The “New Negro” of the Harlem Renaissance





The “New Negro” of the Harlem Renaissance

The ‘New Negro’ was one of the most popular movements of the Harlem Renaissance. The advocates of this campaign challenged racial segregation by disapproving policies aimed at disvaluing black Americans. This crusade attracted artists from various sub categories including poets, musicians, writers, and actors (Brinkley 33). Although the significance of the regeneration process varied among the participants, it was a period where solidarity among the African Americans and appreciation of their heritage was influential in developing the black society. Following this historic event, the artistic sub sector in the black community became a feasible industry that gained popularity in all regions of the globe (Howes and Christine 35).

One of the vocal artists of the Harlem Renaissance was W.E.B Du Bois. By using I, Too, Sing America to support his argument, he founded the ideology of double consciousness (Brinkley 73). According to this philosophy, the society would only enjoy racial equality if the African American society perceived their differences as a strong point (Brinkley 83). His thought-triggering arguments aimed at assisting the black community to realize the need to embrace their African culture while adopting a western lifestyle in terms of education and economic activities. In relation to double consciousness, Negroes had a multi-faceted way of life that allowed them to benefit from the rich African heritage while enjoying the civil liberties offered to American citizens (Brinkley 50).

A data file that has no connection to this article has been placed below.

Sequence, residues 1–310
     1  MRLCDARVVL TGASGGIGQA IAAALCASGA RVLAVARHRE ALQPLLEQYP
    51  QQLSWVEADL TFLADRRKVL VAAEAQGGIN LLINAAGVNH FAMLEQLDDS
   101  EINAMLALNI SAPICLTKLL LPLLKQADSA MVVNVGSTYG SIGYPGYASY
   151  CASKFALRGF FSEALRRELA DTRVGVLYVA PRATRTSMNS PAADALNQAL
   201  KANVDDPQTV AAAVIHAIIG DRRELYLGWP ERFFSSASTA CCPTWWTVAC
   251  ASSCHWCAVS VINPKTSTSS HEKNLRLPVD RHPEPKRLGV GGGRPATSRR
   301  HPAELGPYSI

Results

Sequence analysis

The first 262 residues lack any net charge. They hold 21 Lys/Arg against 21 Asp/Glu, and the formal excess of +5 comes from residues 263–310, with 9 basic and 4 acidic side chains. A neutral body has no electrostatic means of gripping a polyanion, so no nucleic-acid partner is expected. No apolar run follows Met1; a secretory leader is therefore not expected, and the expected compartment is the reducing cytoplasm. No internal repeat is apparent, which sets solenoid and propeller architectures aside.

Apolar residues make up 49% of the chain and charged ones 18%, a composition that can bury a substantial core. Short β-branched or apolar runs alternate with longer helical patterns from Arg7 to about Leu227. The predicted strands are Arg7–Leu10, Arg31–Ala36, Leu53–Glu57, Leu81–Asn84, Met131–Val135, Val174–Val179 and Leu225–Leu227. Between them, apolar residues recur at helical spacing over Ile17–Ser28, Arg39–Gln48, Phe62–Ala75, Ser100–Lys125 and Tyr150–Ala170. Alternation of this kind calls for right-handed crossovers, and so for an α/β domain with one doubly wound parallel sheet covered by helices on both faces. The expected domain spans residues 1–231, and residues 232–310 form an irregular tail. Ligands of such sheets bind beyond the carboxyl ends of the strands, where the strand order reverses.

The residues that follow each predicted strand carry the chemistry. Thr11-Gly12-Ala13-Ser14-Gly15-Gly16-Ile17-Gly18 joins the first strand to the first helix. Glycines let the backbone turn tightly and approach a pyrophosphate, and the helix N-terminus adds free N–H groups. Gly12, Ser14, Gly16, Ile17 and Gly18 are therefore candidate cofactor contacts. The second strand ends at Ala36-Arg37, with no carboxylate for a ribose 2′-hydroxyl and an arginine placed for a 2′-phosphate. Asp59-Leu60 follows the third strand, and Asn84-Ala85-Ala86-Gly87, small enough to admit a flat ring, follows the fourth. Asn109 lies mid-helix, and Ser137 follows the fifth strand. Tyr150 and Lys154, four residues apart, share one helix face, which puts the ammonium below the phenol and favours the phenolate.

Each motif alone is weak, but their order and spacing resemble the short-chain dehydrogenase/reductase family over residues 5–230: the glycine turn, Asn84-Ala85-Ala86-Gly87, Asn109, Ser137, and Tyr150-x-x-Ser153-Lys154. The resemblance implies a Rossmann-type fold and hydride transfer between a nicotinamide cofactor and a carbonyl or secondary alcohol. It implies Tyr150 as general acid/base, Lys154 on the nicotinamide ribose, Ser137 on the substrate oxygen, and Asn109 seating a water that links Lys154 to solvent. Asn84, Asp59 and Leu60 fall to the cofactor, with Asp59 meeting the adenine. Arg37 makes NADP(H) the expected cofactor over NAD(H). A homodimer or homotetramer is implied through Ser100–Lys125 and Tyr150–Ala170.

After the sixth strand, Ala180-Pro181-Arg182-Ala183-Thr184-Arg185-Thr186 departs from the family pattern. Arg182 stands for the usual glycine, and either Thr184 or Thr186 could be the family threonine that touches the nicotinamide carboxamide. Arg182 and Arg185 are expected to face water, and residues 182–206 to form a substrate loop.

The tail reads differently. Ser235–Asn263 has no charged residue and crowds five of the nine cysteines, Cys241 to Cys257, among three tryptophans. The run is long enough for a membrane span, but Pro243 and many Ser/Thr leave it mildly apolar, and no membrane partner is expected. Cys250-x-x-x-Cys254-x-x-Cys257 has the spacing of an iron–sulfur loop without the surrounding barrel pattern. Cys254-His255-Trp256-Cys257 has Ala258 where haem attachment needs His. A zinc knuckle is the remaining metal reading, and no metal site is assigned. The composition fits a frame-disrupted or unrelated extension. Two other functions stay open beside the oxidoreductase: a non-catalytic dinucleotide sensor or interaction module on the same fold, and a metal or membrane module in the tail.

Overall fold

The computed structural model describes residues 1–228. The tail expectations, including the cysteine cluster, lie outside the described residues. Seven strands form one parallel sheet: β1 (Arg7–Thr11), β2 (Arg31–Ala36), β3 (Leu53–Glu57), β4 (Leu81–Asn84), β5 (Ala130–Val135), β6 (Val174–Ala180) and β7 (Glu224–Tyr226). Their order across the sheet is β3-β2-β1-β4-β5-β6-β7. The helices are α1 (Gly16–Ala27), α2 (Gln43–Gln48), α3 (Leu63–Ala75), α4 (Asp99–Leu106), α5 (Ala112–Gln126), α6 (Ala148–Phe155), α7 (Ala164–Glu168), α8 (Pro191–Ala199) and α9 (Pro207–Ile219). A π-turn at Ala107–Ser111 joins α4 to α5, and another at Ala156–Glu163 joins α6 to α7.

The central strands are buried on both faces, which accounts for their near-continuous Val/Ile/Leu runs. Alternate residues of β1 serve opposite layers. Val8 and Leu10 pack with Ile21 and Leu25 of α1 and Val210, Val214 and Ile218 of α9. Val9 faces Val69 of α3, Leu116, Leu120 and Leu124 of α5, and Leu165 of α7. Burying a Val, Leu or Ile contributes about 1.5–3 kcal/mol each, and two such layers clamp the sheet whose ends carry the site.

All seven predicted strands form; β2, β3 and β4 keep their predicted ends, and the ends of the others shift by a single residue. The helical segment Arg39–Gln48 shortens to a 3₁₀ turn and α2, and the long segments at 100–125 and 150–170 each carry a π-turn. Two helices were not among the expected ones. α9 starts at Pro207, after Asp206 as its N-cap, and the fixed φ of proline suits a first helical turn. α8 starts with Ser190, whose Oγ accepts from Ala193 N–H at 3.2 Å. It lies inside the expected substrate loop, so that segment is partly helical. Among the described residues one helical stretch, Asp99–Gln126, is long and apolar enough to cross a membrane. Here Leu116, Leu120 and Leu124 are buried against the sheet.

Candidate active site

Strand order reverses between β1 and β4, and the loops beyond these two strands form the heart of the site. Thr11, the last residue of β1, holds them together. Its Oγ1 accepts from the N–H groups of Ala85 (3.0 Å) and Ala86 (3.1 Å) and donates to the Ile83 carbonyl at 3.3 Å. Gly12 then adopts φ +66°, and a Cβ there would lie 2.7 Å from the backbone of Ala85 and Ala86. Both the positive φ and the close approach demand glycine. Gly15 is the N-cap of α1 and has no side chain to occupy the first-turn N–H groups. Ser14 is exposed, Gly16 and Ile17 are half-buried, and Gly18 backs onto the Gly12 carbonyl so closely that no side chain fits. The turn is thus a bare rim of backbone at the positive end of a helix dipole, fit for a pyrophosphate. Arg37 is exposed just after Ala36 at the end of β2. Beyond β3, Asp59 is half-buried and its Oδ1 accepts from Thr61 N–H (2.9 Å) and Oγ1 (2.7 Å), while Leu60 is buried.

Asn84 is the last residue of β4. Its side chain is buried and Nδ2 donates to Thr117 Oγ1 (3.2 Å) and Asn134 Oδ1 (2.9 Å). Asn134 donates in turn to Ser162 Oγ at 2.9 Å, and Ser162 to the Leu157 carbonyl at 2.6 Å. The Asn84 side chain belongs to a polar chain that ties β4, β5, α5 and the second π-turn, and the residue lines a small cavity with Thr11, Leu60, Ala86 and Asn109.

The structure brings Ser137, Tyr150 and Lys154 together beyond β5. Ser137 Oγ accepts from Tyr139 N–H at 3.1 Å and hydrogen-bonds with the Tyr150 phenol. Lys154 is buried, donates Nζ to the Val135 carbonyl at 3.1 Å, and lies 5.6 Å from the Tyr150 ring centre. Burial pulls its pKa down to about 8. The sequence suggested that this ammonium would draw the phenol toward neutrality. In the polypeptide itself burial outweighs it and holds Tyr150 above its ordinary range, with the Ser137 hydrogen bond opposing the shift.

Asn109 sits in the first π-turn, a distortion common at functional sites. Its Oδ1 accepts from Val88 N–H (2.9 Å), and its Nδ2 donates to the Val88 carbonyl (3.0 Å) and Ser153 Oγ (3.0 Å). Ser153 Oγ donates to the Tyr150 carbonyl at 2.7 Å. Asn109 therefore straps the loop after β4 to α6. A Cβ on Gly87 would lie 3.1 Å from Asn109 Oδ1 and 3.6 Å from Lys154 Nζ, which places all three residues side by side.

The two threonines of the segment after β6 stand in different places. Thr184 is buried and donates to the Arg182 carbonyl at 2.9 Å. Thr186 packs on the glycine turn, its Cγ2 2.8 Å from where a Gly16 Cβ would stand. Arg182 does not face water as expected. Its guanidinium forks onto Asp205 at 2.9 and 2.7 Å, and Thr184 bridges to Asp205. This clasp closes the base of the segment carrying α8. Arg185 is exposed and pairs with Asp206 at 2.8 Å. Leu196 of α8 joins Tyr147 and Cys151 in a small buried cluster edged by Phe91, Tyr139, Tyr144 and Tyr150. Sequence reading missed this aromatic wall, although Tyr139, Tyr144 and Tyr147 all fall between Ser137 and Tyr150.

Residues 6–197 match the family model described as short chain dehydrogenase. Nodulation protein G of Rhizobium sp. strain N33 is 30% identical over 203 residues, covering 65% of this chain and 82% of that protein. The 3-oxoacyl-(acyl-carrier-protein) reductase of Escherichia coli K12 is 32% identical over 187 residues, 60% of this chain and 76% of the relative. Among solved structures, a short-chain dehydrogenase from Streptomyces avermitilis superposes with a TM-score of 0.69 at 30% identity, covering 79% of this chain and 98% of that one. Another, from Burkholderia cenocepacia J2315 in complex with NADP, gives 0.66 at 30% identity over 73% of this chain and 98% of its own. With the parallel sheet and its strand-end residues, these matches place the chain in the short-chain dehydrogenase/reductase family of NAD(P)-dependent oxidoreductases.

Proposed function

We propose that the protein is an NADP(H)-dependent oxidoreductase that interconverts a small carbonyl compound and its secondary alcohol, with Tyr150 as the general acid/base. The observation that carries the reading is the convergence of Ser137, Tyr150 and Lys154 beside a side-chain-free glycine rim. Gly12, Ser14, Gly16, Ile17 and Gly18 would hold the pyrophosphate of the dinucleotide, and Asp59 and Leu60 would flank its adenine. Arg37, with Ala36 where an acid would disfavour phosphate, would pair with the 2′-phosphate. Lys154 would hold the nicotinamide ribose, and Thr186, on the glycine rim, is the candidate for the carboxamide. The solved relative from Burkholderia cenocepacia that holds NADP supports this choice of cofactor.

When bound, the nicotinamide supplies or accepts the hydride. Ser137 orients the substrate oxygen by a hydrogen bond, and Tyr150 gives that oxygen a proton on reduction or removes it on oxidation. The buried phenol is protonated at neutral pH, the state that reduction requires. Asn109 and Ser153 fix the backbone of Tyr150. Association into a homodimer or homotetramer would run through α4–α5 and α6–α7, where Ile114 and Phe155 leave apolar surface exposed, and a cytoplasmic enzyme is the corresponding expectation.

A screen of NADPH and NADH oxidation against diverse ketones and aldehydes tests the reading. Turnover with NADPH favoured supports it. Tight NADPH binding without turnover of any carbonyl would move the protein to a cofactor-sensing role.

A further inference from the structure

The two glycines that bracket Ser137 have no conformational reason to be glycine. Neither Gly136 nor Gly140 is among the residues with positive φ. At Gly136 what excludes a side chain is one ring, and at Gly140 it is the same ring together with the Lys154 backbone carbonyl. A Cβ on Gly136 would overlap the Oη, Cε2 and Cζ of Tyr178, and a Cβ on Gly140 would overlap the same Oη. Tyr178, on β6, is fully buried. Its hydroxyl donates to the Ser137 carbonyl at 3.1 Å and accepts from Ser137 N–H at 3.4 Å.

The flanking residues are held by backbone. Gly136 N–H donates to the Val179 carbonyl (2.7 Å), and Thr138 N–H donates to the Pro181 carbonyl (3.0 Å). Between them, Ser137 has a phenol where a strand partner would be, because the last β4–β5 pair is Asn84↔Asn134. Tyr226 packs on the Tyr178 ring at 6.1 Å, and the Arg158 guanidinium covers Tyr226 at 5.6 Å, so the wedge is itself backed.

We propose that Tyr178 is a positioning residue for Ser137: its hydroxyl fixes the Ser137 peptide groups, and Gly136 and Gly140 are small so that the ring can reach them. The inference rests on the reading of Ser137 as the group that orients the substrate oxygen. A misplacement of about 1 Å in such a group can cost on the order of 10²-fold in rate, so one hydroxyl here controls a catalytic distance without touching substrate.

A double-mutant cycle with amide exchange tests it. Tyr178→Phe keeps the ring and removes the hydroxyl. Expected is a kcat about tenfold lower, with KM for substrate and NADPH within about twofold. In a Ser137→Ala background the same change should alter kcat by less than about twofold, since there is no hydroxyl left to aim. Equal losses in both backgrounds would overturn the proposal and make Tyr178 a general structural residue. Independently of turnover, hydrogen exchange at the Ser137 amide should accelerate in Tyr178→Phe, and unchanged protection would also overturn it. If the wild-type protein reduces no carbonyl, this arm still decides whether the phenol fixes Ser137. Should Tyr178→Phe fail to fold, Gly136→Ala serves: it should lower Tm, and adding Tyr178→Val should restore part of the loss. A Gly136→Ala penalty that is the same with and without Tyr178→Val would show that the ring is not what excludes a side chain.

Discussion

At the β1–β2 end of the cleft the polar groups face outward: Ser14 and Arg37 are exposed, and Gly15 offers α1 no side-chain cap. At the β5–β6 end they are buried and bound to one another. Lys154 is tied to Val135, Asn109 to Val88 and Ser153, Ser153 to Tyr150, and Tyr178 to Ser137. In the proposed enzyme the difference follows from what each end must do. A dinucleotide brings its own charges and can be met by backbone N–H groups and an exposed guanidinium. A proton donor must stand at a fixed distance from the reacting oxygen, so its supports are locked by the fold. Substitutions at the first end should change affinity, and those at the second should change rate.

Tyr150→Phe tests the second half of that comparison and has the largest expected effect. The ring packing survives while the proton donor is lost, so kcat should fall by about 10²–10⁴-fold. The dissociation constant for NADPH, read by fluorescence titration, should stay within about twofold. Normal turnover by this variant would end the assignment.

Equally, Langston Hughes was an active participant of the New Negro movement. He used poetry to advocate for racial equality during the Harlem Renaissance. In the poem, I, Too, Sing America, he was optimistic about a society where whites would appreciate and respect members of the black community. Furthermore, he believed that being an inhabitant of the United States gave him and his relations the right to enjoy various privileges without experiencing any form of racial bigotry (Howes and Christine 12). In addition to other activists, the works of these artists helped the African American society to succeed in their renaissance efforts that suppressed racial discrimination in the United States.


Works Cited

Brinkley, Alan. American History: A Survey. New York: McGraw-Hill, 2009. Print.

Brinkley, Alan. Liberalism and Its Discontents. New York: ACLS History E-Book Project, 2005. Print.

Brinkley, Alan. The Unfinished Nation: A Concise History of the American People. New York: McGraw-Hill, 2010. Print.

Howes, Kelly K, and Christine Slovey. Harlem Renaissance. Detroit: U X L, 2001. Print.


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